CHICAGO – The United States will host the 2020 Concacaf Women’s Olympic Qualifying Tournament that will send two nations to the 2020 Summer Olympics in Japan.
The tournament will be held from Jan. 28 through Feb. 9, and the official draw and host cities announcement will take place on Nov. 7 at the Mediapro studios in Miami, Fla. Fans can follow all the drama beginning at 2:30 pm (ET) on www.concacaf.com, Concacaf GO, the official Concacaf YouTube page, and the Concacaf Facebook page.
Venue or venues for the competition were not announced.
The competition will feature eight nations divided into two groups of four teams each. After round-robin play within the groups running from Jan. 28-Feb. 4, the top two finishers will cross over for the semifinals, with the winners of those matches qualifying for the Olympics and for the tournament championship game. The semifinals will be held Friday, Feb. 7 and the championship Sunday, Feb. 9.
The seven nations that will join the USA to compete for the Olympic berths are Canada and Mexico from North America, Costa Rica and Panama from Central America and Haiti, Jamaica and Saint Kitts and Nevis from the Caribbean.
The USA, which captured the Women’s World Cup title this summer, has participated in all six Olympic women’s soccer tournaments that have been contested, winning a record four gold medals (1996, 2004, 2008 and 2012) along with one silver medal (2000).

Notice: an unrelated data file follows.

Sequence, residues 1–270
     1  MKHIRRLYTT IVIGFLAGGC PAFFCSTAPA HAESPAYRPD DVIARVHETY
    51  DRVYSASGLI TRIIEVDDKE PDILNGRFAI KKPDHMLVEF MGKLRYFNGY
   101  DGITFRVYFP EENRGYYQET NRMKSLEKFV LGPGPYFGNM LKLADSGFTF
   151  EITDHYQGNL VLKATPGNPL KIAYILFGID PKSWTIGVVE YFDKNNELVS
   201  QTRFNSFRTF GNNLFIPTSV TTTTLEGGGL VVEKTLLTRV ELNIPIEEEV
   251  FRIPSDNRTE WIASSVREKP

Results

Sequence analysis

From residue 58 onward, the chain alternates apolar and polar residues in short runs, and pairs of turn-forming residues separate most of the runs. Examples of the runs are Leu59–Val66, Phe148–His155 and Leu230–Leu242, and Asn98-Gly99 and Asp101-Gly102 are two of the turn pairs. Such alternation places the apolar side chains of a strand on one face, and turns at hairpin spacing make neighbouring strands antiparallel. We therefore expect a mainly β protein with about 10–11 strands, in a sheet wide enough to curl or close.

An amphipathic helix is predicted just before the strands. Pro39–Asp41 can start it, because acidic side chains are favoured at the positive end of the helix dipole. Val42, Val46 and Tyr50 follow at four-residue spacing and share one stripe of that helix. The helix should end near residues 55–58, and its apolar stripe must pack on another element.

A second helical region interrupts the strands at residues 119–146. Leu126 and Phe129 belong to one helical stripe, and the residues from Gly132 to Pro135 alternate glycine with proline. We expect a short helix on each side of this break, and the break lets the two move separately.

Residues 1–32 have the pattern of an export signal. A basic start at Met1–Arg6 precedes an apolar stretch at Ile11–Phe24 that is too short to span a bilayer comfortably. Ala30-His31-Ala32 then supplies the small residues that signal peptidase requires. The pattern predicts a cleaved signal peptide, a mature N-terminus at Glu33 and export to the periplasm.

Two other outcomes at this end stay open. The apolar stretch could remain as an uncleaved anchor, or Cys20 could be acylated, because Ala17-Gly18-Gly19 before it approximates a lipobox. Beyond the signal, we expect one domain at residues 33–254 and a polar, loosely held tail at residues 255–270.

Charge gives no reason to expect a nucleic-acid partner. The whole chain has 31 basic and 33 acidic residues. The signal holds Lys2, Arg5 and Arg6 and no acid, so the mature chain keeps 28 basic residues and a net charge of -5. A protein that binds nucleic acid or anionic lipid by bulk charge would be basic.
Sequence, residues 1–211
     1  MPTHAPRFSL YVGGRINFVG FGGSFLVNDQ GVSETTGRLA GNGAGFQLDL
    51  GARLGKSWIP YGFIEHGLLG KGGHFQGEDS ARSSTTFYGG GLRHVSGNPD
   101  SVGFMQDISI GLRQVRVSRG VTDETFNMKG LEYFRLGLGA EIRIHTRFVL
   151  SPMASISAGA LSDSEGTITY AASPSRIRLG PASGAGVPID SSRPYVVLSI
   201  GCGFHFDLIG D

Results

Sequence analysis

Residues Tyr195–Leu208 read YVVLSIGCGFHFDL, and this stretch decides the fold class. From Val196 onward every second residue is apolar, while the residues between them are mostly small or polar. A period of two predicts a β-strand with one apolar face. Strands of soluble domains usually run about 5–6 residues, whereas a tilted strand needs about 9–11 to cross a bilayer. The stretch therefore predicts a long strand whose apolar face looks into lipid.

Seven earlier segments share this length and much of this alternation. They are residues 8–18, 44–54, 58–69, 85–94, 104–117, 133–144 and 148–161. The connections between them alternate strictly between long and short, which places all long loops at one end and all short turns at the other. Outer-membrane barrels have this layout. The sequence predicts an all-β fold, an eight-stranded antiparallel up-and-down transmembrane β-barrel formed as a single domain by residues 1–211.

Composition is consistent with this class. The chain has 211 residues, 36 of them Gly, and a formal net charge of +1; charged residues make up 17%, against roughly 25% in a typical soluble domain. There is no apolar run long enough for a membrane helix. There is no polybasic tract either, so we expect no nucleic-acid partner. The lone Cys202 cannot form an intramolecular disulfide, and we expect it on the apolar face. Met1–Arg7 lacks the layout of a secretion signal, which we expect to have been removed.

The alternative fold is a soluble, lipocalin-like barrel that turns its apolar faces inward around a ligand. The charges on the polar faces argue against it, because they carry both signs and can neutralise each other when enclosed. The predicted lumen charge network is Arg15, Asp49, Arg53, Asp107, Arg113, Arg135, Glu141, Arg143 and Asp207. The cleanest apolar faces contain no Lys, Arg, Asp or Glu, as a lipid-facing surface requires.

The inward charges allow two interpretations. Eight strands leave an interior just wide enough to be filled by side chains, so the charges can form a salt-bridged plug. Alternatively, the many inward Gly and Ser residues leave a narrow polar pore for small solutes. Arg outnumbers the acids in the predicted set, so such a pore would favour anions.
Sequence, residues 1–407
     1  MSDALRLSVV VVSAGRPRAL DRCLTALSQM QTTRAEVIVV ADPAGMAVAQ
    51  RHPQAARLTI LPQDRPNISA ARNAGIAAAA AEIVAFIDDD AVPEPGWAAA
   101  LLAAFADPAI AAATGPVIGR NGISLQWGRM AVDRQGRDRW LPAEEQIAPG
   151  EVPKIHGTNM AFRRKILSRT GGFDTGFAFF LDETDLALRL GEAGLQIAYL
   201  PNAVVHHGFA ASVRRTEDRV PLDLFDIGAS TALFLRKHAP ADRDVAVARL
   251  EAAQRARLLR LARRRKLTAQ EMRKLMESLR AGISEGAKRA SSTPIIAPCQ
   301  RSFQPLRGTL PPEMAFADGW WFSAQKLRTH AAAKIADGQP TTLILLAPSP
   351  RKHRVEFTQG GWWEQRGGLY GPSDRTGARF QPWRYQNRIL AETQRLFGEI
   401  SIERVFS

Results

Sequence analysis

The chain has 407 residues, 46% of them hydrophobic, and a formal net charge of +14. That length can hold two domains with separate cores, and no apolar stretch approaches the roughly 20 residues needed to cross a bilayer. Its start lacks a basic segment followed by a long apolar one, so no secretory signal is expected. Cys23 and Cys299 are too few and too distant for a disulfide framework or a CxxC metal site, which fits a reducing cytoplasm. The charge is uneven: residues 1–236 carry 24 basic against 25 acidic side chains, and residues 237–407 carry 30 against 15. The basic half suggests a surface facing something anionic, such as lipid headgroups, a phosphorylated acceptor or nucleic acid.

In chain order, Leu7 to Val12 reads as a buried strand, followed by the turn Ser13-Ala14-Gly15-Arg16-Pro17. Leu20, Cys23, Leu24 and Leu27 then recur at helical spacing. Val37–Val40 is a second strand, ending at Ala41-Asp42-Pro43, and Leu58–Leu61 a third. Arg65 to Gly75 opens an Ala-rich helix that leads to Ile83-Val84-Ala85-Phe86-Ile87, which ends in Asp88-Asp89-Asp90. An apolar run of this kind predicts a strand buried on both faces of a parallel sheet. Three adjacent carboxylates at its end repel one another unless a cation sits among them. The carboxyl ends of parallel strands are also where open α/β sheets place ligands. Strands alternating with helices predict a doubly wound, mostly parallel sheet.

As host, the U.S. did not have to qualify for the 1996 tournament, the first for women’s soccer in the Olympics which the Americans won in historic fashion downing China PR 2-1 in front of 76,489 fans in Athens, Ga. The USA qualified for the 2000 Olympics by virtue of its top-seven finish at the 1999 Women’s World Cup, which it won.
The USA has won the last four Concacaf Women’s Olympic Qualifying Tournaments, in Costa Rica in 2004, in Mexico in 2008, in Canada in 2012 and in the USA in 2016 when the competition was held in Edinburg, Houston and Frisco, Texas.
No country has won the Women’s World Cup and the Olympics in back-to-back years, a feat the 2019 FIFA Women’s World Cup champion USA will be working towards once it begins qualifying. The USA was knocked out of the 2016 Olympics by Sweden via penalty kicks in the quarterfinals, the USWNT’s earliest ever exit from a world championship event.